Resistance can’t be reasoned with. It won’t play by any rulebook you know. It’ll cheat. It’ll play dirty. It’ll back-stab you like the nastiest, most treacherous Lannister imaginable. It’s “always lying and always full of shit.”
And beating it? Forget it. It can never be beaten – in fact, even thinking you’ve beaten it is a sign it’s starting to win. Every day, you fight it with the same savagery as the day before. Resistance is the perfect enemy and it’ll always be there and it will never stop coming at you. The only way to “win” is to hold it off long enough to get your work out the door. Forget triumphant offensives: you’re here to dig your heels in and give no quarter. That’s the war you’re fighting here.
Like Uncertainty, another masterful eye-opener into the reality of , this is a book about stripping away the hype and recognising the hard reality of meaningful creative work:
Resistance is experienced as fear; the degree of fear equates the strength of Resistance. Therefore, the more fear we feel about a specific enterprise, the more certain we can be that that enterprise is important to us and to the growth of our soul.
(Also check out Pressfield’s sequel, Do The Work.)
Stephen King’s On Writing. I’m not always a fan of his work – at the time of writing, I’ve just given up on his Dark Tower series for what I hope is the last time, in the middle of the second book. But after reading On Writing, I’m a big fan of Stephen King, English teacher and all-round human being. I reckon you will be too. Just don’t feel any pressure to tackle his recommended reading list of (gulp) 96 books.
Hopefully this needs no explanation. I grew up surrounded by piles of these. It’s through National Geographic that I learned the world is infinitely fascinating, that photographs can tell a story, and that factual writing could be just as compelling as fiction. I’m now reading back through their 100-year-old backlog. National Geographic made me fall in love with words in a totally different way, and I’m still smitten.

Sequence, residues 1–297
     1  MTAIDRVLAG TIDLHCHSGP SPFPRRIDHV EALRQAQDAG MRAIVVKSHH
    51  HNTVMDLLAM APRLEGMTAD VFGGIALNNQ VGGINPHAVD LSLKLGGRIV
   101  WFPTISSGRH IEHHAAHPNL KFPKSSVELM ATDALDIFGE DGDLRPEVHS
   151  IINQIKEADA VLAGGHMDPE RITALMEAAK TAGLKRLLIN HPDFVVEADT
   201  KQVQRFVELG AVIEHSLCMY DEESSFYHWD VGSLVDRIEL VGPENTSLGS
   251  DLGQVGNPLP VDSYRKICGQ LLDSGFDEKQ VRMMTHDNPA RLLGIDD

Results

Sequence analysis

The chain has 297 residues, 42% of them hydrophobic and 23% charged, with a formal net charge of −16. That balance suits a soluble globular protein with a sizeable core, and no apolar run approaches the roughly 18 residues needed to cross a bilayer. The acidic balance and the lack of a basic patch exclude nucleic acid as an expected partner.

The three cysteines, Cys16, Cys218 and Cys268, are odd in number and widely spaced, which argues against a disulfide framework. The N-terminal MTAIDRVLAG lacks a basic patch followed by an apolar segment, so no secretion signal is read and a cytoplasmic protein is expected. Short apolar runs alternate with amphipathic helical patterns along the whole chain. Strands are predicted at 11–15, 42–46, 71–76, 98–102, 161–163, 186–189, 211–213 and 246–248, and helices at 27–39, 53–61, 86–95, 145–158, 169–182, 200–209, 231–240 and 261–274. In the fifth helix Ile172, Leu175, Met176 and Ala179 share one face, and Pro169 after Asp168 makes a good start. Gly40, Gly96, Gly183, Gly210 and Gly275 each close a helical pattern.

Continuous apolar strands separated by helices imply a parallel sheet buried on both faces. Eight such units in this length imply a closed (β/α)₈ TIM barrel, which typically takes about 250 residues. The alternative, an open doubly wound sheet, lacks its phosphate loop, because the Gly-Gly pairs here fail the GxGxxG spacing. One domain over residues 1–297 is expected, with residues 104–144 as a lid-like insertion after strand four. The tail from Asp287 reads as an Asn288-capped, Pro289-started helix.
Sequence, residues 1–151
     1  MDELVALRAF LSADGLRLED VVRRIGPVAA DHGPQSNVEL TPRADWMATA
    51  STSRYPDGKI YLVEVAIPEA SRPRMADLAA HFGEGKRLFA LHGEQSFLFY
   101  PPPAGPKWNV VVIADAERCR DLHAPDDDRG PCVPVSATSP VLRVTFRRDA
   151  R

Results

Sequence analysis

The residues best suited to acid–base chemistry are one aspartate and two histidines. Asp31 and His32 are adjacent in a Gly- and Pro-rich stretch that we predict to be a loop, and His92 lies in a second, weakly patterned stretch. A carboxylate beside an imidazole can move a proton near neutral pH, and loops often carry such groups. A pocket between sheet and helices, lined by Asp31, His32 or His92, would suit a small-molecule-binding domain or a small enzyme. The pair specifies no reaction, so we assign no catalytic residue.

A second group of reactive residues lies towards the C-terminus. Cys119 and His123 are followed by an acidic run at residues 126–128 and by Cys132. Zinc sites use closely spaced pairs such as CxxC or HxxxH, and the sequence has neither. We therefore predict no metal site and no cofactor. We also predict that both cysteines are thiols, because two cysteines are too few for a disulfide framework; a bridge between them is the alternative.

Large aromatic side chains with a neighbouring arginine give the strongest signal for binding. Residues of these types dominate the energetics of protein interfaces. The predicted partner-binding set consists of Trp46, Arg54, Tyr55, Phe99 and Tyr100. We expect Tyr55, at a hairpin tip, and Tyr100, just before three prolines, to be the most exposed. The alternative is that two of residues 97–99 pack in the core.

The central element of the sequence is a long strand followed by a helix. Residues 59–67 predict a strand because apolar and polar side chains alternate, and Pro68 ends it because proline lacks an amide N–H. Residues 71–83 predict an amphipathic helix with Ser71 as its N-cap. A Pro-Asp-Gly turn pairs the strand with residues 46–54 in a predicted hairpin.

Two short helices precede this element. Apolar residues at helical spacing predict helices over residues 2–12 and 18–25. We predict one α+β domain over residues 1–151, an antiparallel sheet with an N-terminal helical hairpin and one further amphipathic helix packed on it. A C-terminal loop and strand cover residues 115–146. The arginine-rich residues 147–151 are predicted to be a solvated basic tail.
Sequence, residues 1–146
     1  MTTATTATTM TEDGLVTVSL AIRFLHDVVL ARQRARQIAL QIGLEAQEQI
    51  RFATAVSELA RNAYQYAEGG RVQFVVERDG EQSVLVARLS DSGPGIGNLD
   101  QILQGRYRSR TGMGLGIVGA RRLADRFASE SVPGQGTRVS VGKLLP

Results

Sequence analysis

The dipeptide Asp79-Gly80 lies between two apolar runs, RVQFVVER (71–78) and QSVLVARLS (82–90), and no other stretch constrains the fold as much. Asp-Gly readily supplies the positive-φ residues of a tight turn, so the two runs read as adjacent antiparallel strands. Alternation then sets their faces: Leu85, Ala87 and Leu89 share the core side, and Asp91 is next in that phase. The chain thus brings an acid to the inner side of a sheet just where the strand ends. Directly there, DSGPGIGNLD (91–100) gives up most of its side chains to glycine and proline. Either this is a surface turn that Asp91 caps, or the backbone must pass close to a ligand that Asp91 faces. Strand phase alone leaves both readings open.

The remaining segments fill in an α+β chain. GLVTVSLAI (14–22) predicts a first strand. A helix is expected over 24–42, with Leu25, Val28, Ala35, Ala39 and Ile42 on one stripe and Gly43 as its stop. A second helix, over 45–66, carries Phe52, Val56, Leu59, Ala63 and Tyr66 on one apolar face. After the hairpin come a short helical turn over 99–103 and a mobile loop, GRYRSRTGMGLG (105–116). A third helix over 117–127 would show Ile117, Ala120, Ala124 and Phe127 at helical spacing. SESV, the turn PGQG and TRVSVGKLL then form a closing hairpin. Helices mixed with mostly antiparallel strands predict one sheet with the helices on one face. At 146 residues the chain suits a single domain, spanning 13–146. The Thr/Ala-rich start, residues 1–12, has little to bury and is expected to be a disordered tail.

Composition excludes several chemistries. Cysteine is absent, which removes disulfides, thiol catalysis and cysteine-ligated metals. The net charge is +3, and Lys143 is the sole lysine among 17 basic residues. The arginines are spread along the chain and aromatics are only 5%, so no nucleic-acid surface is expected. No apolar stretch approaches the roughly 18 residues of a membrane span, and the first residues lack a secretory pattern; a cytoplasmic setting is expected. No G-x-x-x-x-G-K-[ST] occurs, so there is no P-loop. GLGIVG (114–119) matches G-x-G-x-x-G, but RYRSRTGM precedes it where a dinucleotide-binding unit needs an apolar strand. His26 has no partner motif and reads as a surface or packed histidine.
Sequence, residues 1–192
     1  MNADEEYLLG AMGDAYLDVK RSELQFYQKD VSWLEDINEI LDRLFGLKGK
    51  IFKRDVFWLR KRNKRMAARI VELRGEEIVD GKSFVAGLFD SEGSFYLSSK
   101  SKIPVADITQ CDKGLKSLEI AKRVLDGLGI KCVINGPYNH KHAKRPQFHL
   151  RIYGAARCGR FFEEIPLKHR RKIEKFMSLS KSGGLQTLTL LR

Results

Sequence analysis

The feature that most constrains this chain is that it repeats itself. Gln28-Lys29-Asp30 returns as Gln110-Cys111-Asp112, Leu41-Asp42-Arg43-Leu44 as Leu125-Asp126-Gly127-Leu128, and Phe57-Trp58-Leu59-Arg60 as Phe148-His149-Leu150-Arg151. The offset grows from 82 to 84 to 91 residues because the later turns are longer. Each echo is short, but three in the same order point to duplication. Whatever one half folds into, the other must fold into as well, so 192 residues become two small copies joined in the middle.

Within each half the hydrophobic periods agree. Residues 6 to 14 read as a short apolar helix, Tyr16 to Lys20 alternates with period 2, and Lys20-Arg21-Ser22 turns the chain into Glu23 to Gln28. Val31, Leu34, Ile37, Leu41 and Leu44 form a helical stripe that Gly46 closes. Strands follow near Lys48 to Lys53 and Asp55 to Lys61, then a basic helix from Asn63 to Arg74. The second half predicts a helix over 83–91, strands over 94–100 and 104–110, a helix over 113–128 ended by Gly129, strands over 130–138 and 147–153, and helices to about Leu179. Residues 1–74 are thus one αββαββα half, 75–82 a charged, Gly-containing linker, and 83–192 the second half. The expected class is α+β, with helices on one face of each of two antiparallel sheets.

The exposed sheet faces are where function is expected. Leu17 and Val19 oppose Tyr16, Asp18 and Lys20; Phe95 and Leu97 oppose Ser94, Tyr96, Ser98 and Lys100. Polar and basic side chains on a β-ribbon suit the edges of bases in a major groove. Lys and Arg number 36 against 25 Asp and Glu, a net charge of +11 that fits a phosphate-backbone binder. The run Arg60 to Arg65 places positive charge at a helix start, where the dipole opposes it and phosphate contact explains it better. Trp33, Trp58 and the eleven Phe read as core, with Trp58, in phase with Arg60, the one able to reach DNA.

(The magazine shown above-left, by the way, features a cover photo from Mr Ken Kaminesky, master photographer and one of the least polite Canadians I’ve ever met in my life. Bless you and your ranty talent, Ken.)
Findings / Sightlines – Kathleen Jamie
Findings is a series of nature and landscape essays that contributed to a minor publishing revolution – and Sightlines is a sequel of sorts. They’re astonishingly well-written and have many beautiful things to say about exploring and observing, about the things we never really see because they’re in front of us too often, and about how anything becomes fascinating and beautiful if you apply enough attention to it. These are my yardsticks for successful writing. They’re that good.
And they make me start writing because I have so much to do before I can write like this – so I’d better get cracking.
So what’s on your list?
Images: Mark Walker; Mike Sowden.